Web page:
Why Homemade Croutons Make Me Want To Sing Songs

Homemade croutons are the best.

I love them so much that I composed little diddies in my head about them as I made a batch to accompany a salad.

Our pastor invited us over for dinner and I had to laugh with surprise when I found out he was preparing Mason City blogger Debbie of Debbie’s Midwestern Kitchen’s copycat recipe for Northwestern Steakhouse’s famous steaks that went viral last week. We’ve lived in Mason City for half a year and still haven’t made it there. They operate similarly to Broders’ Pasta Bar in Minneapolis because they don’t accept reservations as we formally know them, but have a day-of call-in system and there’s typically a line. One of these days. . .

This particular batch of croutons is extra-special because I made them from bread I baked earlier using Liz’s recipe from Carpe Season. Her recipe makes two huge, fluffy loaves so you can freeze the second for later.

I first learned how to make homemade croutons when I volunteered in the kitchen at Spoonriver in Minneapolis, MN many summers ago. Growing up, my family had always bought them by the bags and box and they were always caked in seasoning powders and hydrogenated oils.

Now that I know how simple they are to prepare, I haven’t purchased them since. If you prepare a lot of salads and soups at home, you’ll appreciate having these on hand. 

Here’s how I make my croutons: 

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Grab whatever bread you have lying around your house. Gluten-free bread would work well. If it’s not moldy, it’s fair game. 

Cut the bread into cubes, drizzle them generously with olive oil, and season however you’d you like.

Salt and pepper only will suffice, or go nuts. In culinary school, we tossed them with Italian seasonings and parmesan cheese when we prepared lunch for the students. For this batch, I used salt, white pepper, smoked paprika and garlic powder.

Don’t be afraid to taste a raw crouton to check for seasoning.

Spread them all into a single layer on a baking sheet and bake at 350℉ until crispy, tossing a couple of times. Store in an airtight container and try not to eat them by the handful. Or do.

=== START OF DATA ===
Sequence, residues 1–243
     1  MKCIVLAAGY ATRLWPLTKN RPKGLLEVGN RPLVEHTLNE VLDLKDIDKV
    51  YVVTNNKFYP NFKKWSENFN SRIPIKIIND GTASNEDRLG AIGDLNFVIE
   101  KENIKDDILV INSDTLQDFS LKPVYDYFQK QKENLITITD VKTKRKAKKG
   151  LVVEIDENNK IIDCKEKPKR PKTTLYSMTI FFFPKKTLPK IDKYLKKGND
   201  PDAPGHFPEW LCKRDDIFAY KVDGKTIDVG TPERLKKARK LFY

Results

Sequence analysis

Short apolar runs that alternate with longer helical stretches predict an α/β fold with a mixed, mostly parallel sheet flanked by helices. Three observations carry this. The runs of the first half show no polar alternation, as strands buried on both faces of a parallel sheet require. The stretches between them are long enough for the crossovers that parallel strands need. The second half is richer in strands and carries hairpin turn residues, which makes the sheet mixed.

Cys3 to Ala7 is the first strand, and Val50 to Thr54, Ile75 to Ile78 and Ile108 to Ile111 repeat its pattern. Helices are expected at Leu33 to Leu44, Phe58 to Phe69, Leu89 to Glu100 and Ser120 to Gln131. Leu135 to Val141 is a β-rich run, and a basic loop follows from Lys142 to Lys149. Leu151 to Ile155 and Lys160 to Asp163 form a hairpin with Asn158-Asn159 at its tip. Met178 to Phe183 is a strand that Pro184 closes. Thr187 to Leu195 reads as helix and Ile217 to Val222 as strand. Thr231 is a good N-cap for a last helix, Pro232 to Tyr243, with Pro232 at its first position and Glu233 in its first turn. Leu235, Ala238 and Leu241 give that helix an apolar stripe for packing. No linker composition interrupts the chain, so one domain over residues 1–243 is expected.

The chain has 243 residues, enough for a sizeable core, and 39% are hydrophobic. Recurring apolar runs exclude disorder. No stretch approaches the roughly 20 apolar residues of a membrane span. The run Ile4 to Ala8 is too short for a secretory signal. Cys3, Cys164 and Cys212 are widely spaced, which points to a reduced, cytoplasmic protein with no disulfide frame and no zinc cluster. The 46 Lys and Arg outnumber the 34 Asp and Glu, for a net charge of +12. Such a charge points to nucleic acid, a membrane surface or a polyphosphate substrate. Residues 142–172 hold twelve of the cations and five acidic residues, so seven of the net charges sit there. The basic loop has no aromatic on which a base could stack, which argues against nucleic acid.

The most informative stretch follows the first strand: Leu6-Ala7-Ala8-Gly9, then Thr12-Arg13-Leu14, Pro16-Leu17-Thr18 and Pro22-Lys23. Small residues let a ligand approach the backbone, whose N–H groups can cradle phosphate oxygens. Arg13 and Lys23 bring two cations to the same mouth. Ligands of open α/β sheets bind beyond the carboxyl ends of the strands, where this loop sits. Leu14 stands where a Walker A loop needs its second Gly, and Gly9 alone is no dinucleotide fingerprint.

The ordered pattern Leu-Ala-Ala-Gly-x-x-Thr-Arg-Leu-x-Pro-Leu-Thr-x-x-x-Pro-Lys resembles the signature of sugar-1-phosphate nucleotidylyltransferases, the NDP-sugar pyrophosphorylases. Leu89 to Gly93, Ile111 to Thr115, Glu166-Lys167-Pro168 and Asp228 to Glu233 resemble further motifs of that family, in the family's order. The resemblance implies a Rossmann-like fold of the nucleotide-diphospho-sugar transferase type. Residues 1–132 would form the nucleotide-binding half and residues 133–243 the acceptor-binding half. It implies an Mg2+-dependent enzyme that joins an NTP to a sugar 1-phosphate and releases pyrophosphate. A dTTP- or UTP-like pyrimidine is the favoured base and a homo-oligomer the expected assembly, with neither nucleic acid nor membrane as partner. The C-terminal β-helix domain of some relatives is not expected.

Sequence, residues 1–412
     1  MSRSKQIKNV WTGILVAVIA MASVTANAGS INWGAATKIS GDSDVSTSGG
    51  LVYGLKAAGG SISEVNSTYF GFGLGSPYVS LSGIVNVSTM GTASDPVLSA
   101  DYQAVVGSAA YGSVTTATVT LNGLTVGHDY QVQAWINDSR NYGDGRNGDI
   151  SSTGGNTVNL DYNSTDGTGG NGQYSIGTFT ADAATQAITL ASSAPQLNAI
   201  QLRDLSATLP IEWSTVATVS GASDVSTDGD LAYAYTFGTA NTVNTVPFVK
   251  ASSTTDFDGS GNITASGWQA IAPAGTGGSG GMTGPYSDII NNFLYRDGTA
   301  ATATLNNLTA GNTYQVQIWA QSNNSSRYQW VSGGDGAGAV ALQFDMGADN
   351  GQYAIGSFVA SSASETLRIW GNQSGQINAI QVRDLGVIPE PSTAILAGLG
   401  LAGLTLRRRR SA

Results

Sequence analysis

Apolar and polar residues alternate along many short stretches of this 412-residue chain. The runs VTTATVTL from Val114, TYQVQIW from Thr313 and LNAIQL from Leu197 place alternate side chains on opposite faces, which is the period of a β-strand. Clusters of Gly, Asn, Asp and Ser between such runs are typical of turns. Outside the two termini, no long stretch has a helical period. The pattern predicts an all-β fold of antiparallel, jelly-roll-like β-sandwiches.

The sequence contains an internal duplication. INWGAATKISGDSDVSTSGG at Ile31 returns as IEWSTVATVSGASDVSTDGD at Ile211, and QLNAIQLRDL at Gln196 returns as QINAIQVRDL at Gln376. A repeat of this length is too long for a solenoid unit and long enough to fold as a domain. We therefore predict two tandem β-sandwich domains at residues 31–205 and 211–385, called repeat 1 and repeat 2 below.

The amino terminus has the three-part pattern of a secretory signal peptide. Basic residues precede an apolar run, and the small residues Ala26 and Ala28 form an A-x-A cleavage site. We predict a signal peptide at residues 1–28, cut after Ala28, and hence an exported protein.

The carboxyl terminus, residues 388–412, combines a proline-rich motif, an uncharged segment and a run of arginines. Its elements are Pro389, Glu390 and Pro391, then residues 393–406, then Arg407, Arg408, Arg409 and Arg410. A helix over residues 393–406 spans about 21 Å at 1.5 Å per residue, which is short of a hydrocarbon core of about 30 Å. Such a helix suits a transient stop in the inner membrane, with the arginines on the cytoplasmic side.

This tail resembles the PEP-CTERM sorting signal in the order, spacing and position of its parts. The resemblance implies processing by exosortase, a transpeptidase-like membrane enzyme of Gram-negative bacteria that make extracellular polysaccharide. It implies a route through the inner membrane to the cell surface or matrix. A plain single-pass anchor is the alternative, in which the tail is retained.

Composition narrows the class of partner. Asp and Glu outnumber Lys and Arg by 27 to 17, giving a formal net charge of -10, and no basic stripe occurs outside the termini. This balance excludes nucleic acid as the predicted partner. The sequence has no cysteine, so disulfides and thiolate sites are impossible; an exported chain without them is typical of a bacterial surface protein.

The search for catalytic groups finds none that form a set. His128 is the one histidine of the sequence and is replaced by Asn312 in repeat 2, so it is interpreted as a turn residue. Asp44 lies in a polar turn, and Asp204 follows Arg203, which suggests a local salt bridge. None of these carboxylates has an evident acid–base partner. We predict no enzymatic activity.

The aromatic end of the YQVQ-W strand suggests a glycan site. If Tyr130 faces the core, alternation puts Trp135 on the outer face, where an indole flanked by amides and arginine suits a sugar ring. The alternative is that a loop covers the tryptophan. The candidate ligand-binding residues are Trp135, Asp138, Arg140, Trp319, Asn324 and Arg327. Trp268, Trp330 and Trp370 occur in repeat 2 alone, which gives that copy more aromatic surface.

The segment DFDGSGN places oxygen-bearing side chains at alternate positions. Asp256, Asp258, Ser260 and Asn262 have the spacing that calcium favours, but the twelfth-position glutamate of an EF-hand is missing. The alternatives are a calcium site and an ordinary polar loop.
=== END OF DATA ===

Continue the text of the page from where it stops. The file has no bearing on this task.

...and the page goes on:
Besides flavor, my other favorite thing about homemade croutons is their texture. Store-bought croutons are 100% crunchy with no give. Homemade croutons are crispy on the outside but have the slightest give on the inside if you let them. This is what makes them so delightful.

I hope that if you try making them, you like them and that they also make you want to sing songs, too.

10 Comments

  1. Just read your blog after reading IowaGirlEat’s post on the Iowa bloggers and love it! Love seeing my state through your eyes.

    • I’m glad you found me. Thanks for reading and although it’s hard to move, it’s like a homecoming since I went to Wartburg and a great opportunity to meet new people and explore.

  2. I can’t wait to try these, Jeni! Thanks for another great recipe!!!

  3. What an awesome recipe and easy! I shy away from croutons usually but these make me think that I need to use some of that bread up before it goes moldy in a good way—croutons! Yum yum. Thanks for the recipe.

  4. oh my gosh. We eat croutons from the bag like chips. I will have to try this!

  5. I tend to avoid croutons because – as you noted – they are all crunch. Knowing home-baked ones have some “give” makes me want to try them. Thanks Jeni!

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